About a week and a half ago I was called into my editor’s office.
I don’t know what it is about authority figures, but I always assume the worst. I thought back on the days events searching my memories for anything that would lend itself need for a talking to.
I came up empty, but still walked in with that feeling of doom.
My editor told me to sit and asked, “Are you ready to run with the big dogs?”
The feeling of fear went away but was quickly replaced with confusion. I answered, “… maybe?” and my editor laughed.
He explained that the court reporter, who is also the paper’s investigative reporter was working on a murder trial that had just started but also needed for some investigative work.
He said the reporter would be taken off the court proceedings, which our publisher made clear he wanted full coverage of, and I was asked if I could step up and cover the court.
The catch — why is there always a catch?— was that I would have to test out live blogging from the court proceedings. That meant along with wrapping my brain around the court lingo and taking notes for my daily paper I would need to blog about what was happening as it was happening.
The pressure was on.
My first morning heading to the courtroom I was in panic mode. I had an overwhelming feeling that the load I had just been handed, the load that I felt was my chance to prove myself, was not going to go well.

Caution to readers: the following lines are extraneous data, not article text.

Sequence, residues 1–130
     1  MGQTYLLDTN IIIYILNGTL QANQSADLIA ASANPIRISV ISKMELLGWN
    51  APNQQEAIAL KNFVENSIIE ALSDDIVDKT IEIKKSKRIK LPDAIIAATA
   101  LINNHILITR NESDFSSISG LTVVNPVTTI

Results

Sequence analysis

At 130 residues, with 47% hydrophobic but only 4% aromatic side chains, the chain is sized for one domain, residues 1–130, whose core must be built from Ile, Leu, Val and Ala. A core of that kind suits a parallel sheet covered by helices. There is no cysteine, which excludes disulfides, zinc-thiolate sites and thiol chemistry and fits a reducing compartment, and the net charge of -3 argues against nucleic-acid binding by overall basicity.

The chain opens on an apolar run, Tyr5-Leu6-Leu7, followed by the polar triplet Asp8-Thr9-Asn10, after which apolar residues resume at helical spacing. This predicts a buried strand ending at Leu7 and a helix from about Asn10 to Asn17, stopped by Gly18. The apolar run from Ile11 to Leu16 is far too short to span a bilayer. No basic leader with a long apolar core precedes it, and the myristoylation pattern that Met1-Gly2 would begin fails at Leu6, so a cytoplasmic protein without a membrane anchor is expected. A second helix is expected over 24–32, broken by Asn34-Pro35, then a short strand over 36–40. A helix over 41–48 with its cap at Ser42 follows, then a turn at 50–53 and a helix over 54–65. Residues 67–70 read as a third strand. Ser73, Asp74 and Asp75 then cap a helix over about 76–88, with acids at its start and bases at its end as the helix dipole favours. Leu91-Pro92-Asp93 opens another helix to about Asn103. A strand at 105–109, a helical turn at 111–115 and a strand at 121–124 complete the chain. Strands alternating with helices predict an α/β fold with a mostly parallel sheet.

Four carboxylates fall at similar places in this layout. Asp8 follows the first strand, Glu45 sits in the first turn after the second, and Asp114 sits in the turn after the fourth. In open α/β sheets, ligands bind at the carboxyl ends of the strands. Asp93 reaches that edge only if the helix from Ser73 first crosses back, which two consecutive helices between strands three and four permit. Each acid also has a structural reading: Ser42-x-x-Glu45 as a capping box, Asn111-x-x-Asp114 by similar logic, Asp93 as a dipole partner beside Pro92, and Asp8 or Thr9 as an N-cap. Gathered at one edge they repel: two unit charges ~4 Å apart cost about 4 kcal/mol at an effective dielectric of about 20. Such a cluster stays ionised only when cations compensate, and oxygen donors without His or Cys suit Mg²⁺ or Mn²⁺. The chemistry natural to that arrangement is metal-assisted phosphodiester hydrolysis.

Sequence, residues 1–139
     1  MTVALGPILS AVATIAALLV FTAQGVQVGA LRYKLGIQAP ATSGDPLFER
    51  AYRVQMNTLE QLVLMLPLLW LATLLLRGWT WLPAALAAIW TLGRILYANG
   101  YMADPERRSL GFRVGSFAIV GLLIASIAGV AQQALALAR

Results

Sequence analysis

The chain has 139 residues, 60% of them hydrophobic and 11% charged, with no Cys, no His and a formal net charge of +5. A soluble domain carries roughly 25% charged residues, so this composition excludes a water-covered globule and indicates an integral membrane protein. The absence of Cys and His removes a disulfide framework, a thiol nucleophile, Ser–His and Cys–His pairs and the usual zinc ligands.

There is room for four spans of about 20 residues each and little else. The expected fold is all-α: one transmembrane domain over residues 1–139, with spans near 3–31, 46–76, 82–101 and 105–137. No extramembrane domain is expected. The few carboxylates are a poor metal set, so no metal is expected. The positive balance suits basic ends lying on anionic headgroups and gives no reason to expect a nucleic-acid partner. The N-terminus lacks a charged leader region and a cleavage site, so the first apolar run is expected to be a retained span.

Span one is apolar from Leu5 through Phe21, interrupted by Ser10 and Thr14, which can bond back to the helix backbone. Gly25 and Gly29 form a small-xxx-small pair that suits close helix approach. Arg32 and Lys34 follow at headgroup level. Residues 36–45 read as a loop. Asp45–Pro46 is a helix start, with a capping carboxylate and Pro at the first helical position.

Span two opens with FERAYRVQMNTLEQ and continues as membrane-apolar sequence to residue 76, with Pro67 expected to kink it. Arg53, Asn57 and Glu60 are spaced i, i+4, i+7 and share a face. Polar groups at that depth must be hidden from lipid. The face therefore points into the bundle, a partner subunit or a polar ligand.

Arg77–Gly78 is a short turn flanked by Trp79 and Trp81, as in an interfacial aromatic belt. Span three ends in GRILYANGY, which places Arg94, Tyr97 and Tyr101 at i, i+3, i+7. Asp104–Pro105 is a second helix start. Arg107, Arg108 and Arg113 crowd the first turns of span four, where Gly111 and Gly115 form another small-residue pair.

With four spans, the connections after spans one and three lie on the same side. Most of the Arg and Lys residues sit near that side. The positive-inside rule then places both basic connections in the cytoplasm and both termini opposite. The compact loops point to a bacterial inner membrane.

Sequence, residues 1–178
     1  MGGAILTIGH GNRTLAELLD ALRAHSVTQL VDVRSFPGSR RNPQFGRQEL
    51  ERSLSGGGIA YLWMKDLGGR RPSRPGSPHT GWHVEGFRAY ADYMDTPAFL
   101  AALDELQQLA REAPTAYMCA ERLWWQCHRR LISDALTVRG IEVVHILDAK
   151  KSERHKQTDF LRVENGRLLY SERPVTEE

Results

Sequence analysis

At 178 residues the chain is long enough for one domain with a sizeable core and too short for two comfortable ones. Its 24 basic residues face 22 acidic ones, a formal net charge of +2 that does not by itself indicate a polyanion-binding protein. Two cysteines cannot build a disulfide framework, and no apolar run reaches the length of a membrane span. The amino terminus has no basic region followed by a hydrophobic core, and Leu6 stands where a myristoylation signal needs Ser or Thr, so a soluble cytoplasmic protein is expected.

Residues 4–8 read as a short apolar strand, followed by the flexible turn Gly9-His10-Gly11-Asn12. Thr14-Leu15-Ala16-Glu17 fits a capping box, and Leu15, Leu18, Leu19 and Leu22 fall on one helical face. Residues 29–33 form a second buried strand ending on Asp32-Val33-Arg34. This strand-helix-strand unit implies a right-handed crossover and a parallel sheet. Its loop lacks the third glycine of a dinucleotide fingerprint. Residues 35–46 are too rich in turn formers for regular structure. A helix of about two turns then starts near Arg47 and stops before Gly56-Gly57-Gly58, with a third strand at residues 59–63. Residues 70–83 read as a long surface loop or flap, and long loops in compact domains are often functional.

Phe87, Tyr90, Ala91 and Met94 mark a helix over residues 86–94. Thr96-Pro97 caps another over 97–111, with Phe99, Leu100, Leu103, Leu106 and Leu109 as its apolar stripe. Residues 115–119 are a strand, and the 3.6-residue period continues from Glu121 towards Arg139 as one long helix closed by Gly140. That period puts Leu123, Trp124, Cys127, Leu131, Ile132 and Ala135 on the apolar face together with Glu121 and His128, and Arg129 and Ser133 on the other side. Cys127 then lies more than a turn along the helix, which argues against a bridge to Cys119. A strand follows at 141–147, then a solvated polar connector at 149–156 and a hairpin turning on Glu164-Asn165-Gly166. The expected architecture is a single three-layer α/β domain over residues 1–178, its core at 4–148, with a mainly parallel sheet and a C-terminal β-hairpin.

I prayed my entire commute that God would give me the ability to get through this, and to get through it well.
He answers prayers — Know that.
What was supposed to be two days of substitute court reporting turned into almost two weeks and me getting to report until the bitter end.
I saw everything from crime scene photos, expert witness testimonies and even the defendant’s testimony.
In the end, he was found guilty and sentenced to life in jail for the 20-year-old crime of shooting his wife to death.
While the murderer’s brother may have yelled at me, I know I did a good job.
When I came in the next week, the newspapers’ “Heaping Cup of Awesomeness,” which is what we give to workers who excel that week, was on my desk with a bag of Real Bacon Bits (yum!).
Early in the morning, the publisher came in and told me I did a great job and my editor called me a “trailblazer.”
The hope is that this won’t be the last time you see me in the press box, but the first of many.
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